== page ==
Sacramento State’s new budget raises concerns over prioritization, faculty hiring

Sacramento+State%27s+new+budget+raises+concerns+over+prioritization%2C+faculty+hiring

Imran Majid

The slight discrepancy between the faculty-recommended budget proposal in March and the budget approved by Sacramento State President Alexander Gonzalez in May, has some people raising questions regarding budget prioritization, faculty hiring and student success.

While Gonzalez approved an 8 percent baseline increase for Academic Affairs and Student Affairs – an action consistent with the University Budget Advisory Committee’s recommendation – he did not approve an additional one-time allocation to every division as recommended.

Instead, Gonzalez used the one-time allocations as additional baseline funding in other smaller divisions – including Public Affairs and Advocacy, University Advancement and Athletics.

“He left the (University Budget Advisory Committee) recommendation on the mission critical part alone and took what, in my estimation, are the other things that are not as mission critical and increased all of those,” said University Budget Advisory Committee member Christine Miller.

Gonzalez said he allocated more to Public Affairs this year to further emphasize marketing and communications, as well as University Advancement to aid in fundraising.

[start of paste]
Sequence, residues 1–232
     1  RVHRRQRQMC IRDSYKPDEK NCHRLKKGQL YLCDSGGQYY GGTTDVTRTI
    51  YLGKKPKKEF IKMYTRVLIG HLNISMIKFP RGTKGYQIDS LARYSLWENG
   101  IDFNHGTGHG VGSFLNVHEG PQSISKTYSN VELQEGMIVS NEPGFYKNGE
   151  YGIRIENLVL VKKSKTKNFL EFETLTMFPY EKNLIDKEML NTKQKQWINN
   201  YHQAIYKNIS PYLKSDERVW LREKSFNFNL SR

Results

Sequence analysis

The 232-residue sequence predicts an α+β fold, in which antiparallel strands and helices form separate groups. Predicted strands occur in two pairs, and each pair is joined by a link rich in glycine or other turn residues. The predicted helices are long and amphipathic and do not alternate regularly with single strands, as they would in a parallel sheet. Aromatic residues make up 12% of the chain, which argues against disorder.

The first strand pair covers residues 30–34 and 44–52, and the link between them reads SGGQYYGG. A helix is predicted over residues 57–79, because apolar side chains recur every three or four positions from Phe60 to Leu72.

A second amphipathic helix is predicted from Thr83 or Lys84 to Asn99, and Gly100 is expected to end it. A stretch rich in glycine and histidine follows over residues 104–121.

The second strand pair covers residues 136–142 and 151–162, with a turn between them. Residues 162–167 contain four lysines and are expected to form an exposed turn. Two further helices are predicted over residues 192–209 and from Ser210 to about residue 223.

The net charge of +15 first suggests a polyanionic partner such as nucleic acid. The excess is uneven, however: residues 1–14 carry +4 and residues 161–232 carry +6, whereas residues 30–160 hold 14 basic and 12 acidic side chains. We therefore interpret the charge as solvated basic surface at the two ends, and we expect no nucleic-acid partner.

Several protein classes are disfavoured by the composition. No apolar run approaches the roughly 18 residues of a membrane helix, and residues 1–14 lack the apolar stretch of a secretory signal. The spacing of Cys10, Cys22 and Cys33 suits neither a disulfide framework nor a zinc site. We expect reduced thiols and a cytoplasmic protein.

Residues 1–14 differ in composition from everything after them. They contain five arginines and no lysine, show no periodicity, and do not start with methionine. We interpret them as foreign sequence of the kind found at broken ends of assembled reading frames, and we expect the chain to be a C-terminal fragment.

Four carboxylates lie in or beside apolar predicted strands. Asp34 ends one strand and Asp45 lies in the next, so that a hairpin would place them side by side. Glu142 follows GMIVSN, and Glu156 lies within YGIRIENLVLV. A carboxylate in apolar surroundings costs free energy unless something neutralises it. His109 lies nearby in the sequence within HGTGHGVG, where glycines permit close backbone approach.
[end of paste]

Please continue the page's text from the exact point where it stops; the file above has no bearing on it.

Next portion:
Public Affairs received the largest baseline increase at 19 percent, or an additional $217,289 compared to the 2012-2013 budget.

In contrast, Academic Affairs received $6.1 million and Student Affairs received $649,655 compared to the 2012-2013 budget.

“After thoughtful consideration and analysis, I have also augmented baseline funding for the other divisions on campus, particularly those that are smaller and therefore have been affected in greater severity by previous budget cuts,” Gonzalez said in his budget memo to the campus community.

Miller said while each division has an important place in serving the mission of the university, some are not doing the same direct work as Academic and Student Affairs in achieving student access.

“If someone can show me how (Public Affairs) graduates students I would love to hear it,” Miller said. “I know what they do. But they are not responsible for students getting diplomas in their hands. Academic and Student Affairs do that.”

University Budget Advisory Committee members are chosen from a list of faculty by the president and serve three-year terms, beginning with the academic year.

The committee starts meeting around November as revenue projections become available, and will meet with each vice president of the corresponding division to compile a recommended budget.

“In the end I make the decision, but it really is a very community type of activity,” Gonzalez said. “Everybody gets in it. Everything is open.”

Gonzalez said he typically approves the recommendation he is presented, but once in awhile he will tweak the numbers depending on the university’s plan and vision.